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Re: Network Layer Encryption History and Prior Art

> John (Gilmore), is this what you were looking for in terms of real Prior
> Art to take to Rick Adams, so he'll drop the patent claims? 

Nope, these are *pointers to* prior art.  Somebody (who understand
patentese) needs to read the patents, and then read the actual
published materials that Paul is mentioning.  If any of them cover
features that are specifically claimed by the Uunet patents, then
there's a chance that they count as "prior art".  (I'm not up on
exactly what qualifies as prior art.)  We would send the source
documents to Rick or his lawyer, pointing out the prior inventions.

If we get documents enough to mention ALL the claims from the Uunet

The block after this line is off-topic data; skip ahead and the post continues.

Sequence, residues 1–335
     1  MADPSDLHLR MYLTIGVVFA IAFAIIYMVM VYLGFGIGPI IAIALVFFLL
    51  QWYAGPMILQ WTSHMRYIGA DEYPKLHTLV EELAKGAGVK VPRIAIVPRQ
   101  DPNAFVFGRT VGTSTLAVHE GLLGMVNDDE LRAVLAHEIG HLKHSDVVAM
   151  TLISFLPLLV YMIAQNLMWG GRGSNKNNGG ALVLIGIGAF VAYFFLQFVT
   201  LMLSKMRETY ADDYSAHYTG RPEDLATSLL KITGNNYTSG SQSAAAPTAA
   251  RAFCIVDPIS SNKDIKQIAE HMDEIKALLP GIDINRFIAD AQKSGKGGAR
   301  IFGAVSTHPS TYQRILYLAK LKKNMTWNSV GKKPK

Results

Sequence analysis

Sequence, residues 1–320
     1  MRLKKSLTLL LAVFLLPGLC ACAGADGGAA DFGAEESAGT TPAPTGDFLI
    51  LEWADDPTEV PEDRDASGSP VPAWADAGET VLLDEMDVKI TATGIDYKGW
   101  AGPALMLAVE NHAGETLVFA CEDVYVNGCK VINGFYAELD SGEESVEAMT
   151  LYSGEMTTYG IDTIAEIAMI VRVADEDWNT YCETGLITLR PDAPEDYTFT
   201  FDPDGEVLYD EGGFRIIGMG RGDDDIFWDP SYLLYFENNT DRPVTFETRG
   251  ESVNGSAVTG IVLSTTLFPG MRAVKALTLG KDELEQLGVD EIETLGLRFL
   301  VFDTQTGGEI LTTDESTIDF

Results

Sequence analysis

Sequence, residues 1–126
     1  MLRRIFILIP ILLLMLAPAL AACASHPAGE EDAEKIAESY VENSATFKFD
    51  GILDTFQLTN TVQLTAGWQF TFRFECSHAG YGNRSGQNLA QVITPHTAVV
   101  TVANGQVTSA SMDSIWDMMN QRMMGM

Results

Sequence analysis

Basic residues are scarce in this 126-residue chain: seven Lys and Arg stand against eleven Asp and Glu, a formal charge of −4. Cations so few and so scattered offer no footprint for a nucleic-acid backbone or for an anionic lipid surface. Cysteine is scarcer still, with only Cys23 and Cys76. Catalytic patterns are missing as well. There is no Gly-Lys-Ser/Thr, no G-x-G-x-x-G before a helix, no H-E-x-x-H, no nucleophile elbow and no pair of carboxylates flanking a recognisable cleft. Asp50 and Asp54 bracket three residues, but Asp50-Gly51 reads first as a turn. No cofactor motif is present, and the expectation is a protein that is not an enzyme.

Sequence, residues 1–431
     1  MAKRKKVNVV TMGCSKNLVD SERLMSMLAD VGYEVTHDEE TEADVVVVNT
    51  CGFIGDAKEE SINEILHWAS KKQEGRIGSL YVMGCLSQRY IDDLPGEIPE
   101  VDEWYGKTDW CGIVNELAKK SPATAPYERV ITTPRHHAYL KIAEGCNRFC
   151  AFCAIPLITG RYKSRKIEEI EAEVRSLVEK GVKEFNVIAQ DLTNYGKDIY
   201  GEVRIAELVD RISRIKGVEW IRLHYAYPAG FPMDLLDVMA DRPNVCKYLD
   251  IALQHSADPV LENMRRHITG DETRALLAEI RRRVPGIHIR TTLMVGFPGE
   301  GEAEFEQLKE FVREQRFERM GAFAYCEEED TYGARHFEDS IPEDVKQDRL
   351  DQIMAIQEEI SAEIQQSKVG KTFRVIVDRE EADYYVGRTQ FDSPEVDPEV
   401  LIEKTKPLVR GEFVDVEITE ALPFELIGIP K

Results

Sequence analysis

patents, then the patents will cease to be a problem.

Recall that Rick says the important feature is encrypting some
packets, based on their header information, while letting others go
through unencrypted.  I don't think any of the SDNS stuff that I saw
mentioned such ideas; they assumed you *did* want to encrypt and
explained the encrypted protocol.  Perhaps some of the implementations
of these NSA protocols supported mixed encrypted/unencrypted traffic,
though.  Their manuals might be valid prior art, if ordinary mortals 
could have obtained them by 1991.